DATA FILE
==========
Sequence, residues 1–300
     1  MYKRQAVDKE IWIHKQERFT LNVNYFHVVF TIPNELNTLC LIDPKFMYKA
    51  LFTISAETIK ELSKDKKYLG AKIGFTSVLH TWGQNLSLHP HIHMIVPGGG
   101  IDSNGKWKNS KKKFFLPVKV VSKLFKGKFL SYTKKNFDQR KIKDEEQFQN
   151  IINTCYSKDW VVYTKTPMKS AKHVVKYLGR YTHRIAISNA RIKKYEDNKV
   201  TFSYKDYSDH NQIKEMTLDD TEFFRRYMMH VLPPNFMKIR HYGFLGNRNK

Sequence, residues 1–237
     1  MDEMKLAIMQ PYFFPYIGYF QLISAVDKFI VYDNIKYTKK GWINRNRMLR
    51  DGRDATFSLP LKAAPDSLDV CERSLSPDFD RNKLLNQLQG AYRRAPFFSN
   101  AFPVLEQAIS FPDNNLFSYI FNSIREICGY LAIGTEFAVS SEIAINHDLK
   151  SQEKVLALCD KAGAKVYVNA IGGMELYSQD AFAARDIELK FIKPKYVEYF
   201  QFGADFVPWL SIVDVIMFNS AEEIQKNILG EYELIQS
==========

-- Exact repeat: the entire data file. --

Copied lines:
Sequence, residues 1–300
     1  MYKRQAVDKE IWIHKQERFT LNVNYFHVVF TIPNELNTLC LIDPKFMYKA
    51  LFTISAETIK ELSKDKKYLG AKIGFTSVLH TWGQNLSLHP HIHMIVPGGG
   101  IDSNGKWKNS KKKFFLPVKV VSKLFKGKFL SYTKKNFDQR KIKDEEQFQN
   151  IINTCYSKDW VVYTKTPMKS AKHVVKYLGR YTHRIAISNA RIKKYEDNKV
   201  TFSYKDYSDH NQIKEMTLDD TEFFRRYMMH VLPPNFMKIR HYGFLGNRNK

Sequence, residues 1–237
     1  MDEMKLAIMQ PYFFPYIGYF QLISAVDKFI VYDNIKYTKK GWINRNRMLR
    51  DGRDATFSLP LKAAPDSLDV CERSLSPDFD RNKLLNQLQG AYRRAPFFSN
   101  AFPVLEQAIS FPDNNLFSYI FNSIREICGY LAIGTEFAVS SEIAINHDLK
   151  SQEKVLALCD KAGAKVYVNA IGGMELYSQD AFAARDIELK FIKPKYVEYF
   201  QFGADFVPWL SIVDVIMFNS AEEIQKNILG EYELIQS